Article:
Louis A. Frank en zijn collega's John Sigwarth en John Craven van de Universiteit van Iowa in de Verenigde Staten, zeggen van niet. Het water kwam niet van beneden, maar van boven, neerdruppelend uit de ruimte. De hoeveelheid water op aarde neemt daardoor langzaam toe. De hele wereld baadt zich nu, en heeft dat altijd al gedaan, in water van buitenaardse oorsprong.
Het was in 1981 dat Frank en Craven een uitzonderlijk werk voltooiden: de ontwikkeling van een optisch systeem voor de Dynamics Explorer 1 (DE-1): de eerste kunstmaan voor het waarnemen van de buitenste lagen van de dampkring. Met deze satelliet hoopten zij foto's te kunnen maken van eventuele veranderingen in die buitenlagen. Ook van de elektrische verschijnselen die zich daarin afspelen. Frank was met name geïnteresseerd in het sterk veranderlijke poolicht. De DE-1 werd daartoe uitgerust met drie videocamera's. Twee voor waarnemingen in de golflengten van zichtbaar licht en een die ultraviolette straling moest vastleggen die onzichtbaar is voor het menselijk oog.
De van de satelliet ontvangen beelden waren in alle opzichten spectaculair. Foto's van de aardatmosfeer, compleet met een ring van noorderlicht, verschenen spoedig in alle tijdschriften Overal ter wereld werd Frank uitgenodigd lezingen te houden en zijn opnamen te vertonen.
Al die tijd was er één hinderlijk probleem. Gefilmd in het ultraviolet, en naar een zichtbare kleur vertaald door een computer, zou de atmosfeer boven de dagzijde van de aarde een egaal, oranje kleurverloop moeten hebben. Maar in plaats van een egaal kleurverloop, zagen de wetenschappers een atmosfeer, die werd onderbroken door talloze zwarte vlekjes. Elk vlekje verscheen plotseling, bleef een paar minuten zichtbaar, en verdween dan weer geleidelijk uit het beeld. "Telkens als ik een diavertoning hield," herinnert Frank zich, was er wel iemand onder de toeschouwers die zich afvroeg wat die vlekjes betekenden. Mijn antwoord was dan altijd dat het vermoedelijk ging om een soort van elektronische ruis. Het was een redelijk antwoord, en zowel de vragenstellers als ik waren er mee tevreden."
Zo ging het voor een tijdje. In 1982 echter bestudeerde John Sigwarth, toen nog een student van Frank, de opnamen. Sigwarth zocht naar zwaartekrachtsgolven, rimpels in de atmosfeer die soms volgen op het optreden van poollichtverschijnselen. Maar telkens als het computerprogramma de opnamen analyseerde, staakte het zodra het bij een van de zwarte vlekjes kwam. Sigwarth vroeg Frank of er een manier was om de ruis te verwijderen. Dat was het begin van een jarenlang onderzoek.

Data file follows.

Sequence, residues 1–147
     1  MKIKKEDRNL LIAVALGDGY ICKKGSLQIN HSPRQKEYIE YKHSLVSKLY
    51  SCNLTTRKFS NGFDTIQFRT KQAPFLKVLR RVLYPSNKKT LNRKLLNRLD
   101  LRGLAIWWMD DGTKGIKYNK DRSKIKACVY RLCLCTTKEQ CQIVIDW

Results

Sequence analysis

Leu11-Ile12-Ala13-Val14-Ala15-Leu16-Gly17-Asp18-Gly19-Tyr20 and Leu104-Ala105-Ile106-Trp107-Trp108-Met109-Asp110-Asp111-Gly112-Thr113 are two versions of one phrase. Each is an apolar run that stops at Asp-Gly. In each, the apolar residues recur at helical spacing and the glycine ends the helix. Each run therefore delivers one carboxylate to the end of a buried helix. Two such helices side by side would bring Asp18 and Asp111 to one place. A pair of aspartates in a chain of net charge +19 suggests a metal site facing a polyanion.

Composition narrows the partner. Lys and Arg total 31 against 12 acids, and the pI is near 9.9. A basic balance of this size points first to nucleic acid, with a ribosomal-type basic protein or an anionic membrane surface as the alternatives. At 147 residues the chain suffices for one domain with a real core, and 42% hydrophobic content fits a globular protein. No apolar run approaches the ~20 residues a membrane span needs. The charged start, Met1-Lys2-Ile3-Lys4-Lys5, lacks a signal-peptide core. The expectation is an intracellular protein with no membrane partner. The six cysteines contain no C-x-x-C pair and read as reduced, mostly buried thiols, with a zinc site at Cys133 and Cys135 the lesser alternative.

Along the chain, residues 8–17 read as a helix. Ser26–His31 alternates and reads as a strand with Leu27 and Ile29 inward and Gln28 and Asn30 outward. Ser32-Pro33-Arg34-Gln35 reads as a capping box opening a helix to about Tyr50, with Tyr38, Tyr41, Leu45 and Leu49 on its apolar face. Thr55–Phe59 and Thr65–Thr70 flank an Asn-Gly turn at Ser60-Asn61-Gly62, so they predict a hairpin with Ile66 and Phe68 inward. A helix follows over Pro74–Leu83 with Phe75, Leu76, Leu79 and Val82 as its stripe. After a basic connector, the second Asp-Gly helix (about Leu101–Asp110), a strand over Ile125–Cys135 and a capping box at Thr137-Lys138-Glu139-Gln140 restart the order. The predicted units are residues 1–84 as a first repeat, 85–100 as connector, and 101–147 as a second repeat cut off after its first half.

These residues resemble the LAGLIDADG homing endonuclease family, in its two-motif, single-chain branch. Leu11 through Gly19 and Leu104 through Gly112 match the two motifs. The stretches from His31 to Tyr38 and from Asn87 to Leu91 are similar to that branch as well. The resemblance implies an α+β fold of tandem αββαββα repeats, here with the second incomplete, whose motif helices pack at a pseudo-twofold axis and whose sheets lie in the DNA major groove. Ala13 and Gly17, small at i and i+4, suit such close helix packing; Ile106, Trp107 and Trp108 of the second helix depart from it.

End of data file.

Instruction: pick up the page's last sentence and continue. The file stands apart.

Allereerst werd gekeken of er sprake was van storingen door een andere satelliet, bliksemontladingen of een radiobron op aarde. Toen die niet konden worden gevonden, werd nagegaan of de pixels op de juiste manier werden doorgeseind door het ruimtevaartuig. Pixels zijn de individuele punten waaruit een elektronisch beeld is opgebouwd. De pixels van de ultravioletcamera aan boord van de DE-1 werden bewerkt en uitgezonden door twee afzonderlijke apparaten. Uit voorzorg voor een eventuele hapering, seinden deze apparaten steeds een wisselende helft uit. Maar welk apparaat de betreffende pixels ook uitzond, telkens verschenen dezelfde zwarte vlekjes. De onderzoekers konden dus niet anders dan concluderen dat ofwel de twee apparaten telkens dezelfde fouten gaven, wat elektronisch gezien nagenoeg onmogelijk is, ofwel dat de zwarte vlekjes echt waren.
Als de zwarte vlekjes echt waren: waardoor werden ze dan veroorzaakt? Frank, Sigwarth en later ook John Craven, verzamelden radarwaarnemingen van meteoren van de afgelopen tien jaar. De posities waar deze meteoren in de atmosfeer kwamen, vergeleken ze met die van de raadselachtige zwarte vlekjes. De meeste meteoren kwamen voor aan de ochtendzijde van de aarde. Aangezien dat de zijde is die ligt in de bewegingsrichting van de aarde om de zon, worden ze daar aanmerkelijk vaker door de aarde "opgeveegd". Hetzelfde verschijningspatroon deed zich voor bij de zwarte vlekjes. "Het was met die ontdekking, die we eind 1985 deden, dat we ons onderzoek naar elektronische ruis of stoorsignalen afsloten," vervolgt Frank. "Wat we waarnamen was duidelijk iets dat te maken had met inslagen in de aardatmosfeer."
De volgende stap was natuurlijk het identificeren van de objecten die verantwoordelijk waren voor de zwarte vlekjes. Inmiddels was komen vast te staan dat die een oppervlakte vertoonden van ongeveer 3.000 vierkante kilometer. Een aantal mogelijkheden werd onderzocht en afgewezen. Waren het bijvoorbeeld meteoren, die de lucht op lage hoogten verhitten, en waardoor reusachtige gasbellen in de atmosfeer omhoog stegen? "Zo'n rotsblokachtige meteoor zou een kilogram of honderd moeten wegen, en dan hebben we het over twintig meteoren per minuut," zegt Frank. "Als het om dergelijke meteoren zou gaan, zouden we hier aan het oppervlak allemaal in inslagkraters leven. Daarom dachten wij aan uit waterijs bestaande minikometen, die door de getijdekrachten van de aarde al op grote hoogte werden uiteengetrokken. Het plotselinge verschijnen en na ongeveer 3,5 minuten weer oplichten van de zwarte vlekken in de atmosfeer kon dan door de absorptie van zonlicht door de vrijgekomen waterdamp worden verklaard. Er vormt zich eerst een rond zwart gat als de waterdampwolk de atmosfeer treft, en vervolgens wordt dit gat weer opgevuld als die damp zich lager in de atmosfeer verspreidt."